This knowledge of the natures of things is not acquired on the basis of sensory ideas or invented fictions. Instead it is achieved purely via exercise of the intellect (don’t let Descartes’s use of “perceive” fool you – he construes “perception” as a kind of catch-all term for intellectual scrutiny or attention), but in a manner that is a discovery of something rather than its invention.

Descartes is thus adverting to a doctrine of innate ideas that he first mentions in the Third Meditation. These ideas are discovered in the mind simply in the activity of thinking and not via sense experience or invention.

### Four Features of Innate Ideas

Descartes describes four characteristics of the manner in which innate ideas manifest and are significant in thought.

Not only are all these things very well known and transparent to me when regarded in this general way, but in addition there are countless particular features regarding shape, number, motion and so on, which I perceive when I give them my attention. And the truth of these matters is so open and so much in harmony with my nature, that on first discovering them it seems that I am not so much learning something new as remembering what I knew before; or it seems like noticing for the first time things which were long present within me although I had never turned my mental gaze on them before. (7:63–4)

We can break down this discussion of innate ideas more simply. They have four features:

1. Transparency
2. Fecundity
3. Non-empirical/non-fabricated
4. Harmony

Innate ideas are transparent in the sense of being available for conscious attention and scrutiny. They are fecund in the sense of being epistemically significant in generating a variety of systematically connected ideas. For example, the idea of extension is basic to all of our ideas of motion, shape, size, etc. As we’ve already discussed, innate ideas are non-empircal and non-fabricated in the sense of not coming from the senses, but also not being a kind of fiction of the imagination either – i.e. they are discovered. Finally innate ideas are harmonious in the sense of following from the natural activity of the intellect.

## The Ontological Argument

We’ve looked at Descartes’s discussion of our ideas of essences, but his discussion of essence and discovery also leads him to provide a version of a classic (and somewhat infamous) argument for the existence of God – the “ontological” argument, first made by St. Anselm in the Proslogion of 1077-78 (11th century). Here we’ll look at the structure of the argument, its significance, and some objections to it.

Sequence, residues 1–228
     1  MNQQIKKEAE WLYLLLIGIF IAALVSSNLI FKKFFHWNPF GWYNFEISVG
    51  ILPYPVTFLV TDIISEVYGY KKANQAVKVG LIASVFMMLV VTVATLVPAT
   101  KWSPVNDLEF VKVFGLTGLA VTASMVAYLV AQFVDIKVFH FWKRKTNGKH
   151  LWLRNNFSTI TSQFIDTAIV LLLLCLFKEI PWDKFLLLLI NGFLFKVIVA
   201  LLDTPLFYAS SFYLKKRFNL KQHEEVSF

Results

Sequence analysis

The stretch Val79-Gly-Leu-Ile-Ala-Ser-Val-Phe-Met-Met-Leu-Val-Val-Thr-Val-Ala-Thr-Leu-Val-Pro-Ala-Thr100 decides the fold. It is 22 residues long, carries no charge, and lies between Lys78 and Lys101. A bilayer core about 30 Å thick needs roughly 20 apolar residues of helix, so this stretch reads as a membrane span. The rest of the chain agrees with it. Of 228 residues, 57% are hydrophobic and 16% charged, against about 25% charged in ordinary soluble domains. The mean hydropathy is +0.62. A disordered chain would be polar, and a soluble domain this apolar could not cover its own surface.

### Structure of the Argument

1. Statement of the ontological argument (7:65)
2. Objection 1: existence is separable from essence (7:66)
3. Objection 2: existence in thought is different from real existence (7:66)
4. Objection 3: the necessity of God’s existence is only hypothetical (7:67)

### The Argument

The ontological argument differs from Descartes’s previous proofs in that it purports to prove God’s existence simply from an innate and clear and distinct idea of God’s essence. So this isn’t a proof that relies on the cause of the idea, or on the finitude or preservation of the subject.

if the mere fact that I can produce from my thought the idea of something entails that everything which I clearly and distinctly perceive to belong to that thing really does belong to it, is not this a possible basis for another argument to prove the existence of God? Certainly, the idea of God, or a supremely perfect being, is one which I find within me just as surely as the idea of any shape or number, And my understanding that it belongs to his nature that he always exists) is no less clear and distinct than is the case when I prove of any shape or number that some property belongs to its nature. Hence, even if it turned out that not everything on which I have meditated in these past days is true, I ought still to regard the existence of God as having at least the same level certainty as I have hitherto attributed to the truths of mathematics. (7:65)

The proof differs from previous versions of the ontological argument, in that it does not depend on an arbitrary definition of God but rather an innate idea whose content is clearly and distinctly perceived. Thus, just as one can come to know basic geometrical truths by reflecting on the content of geometric ideas, Descartes thinks one also comes to know that God exists, just by reflection on the content of one’s idea of God.

### Three Objections

#### Existence and Essence

The first objection is that we readily distinguish between the essence of a thing, what it is for that thing to be the kind of thing it is, and the existence of a thing. A ready example of this can be seen in geometry. Geometrical figures, as described by, e.g. Euclid, have essences. That is, they have definite characteristics that categorize them as the things they are (triangles have three sides and angles that sum to 180˚, quadrilateral figures have four sides and angles that sum to 360˚, etc.). However, it would be wrong to say that, for these figures, their essence is inseperable from their existence. For a particular geometric figure, we can distinguish what characteristics it must necessarily have were it to exist even when conceding that the figure may not actually exist. If we can make this distinction in the case of geometric figures, then why not with God? Descartes puts the objection this way:

Since I have been accustomed to distinguish between existence and essence in everything else, I find it easy to persuade myself that existence can also be separated from the essence of God, and hence that God can be thought of as not existing (7:66)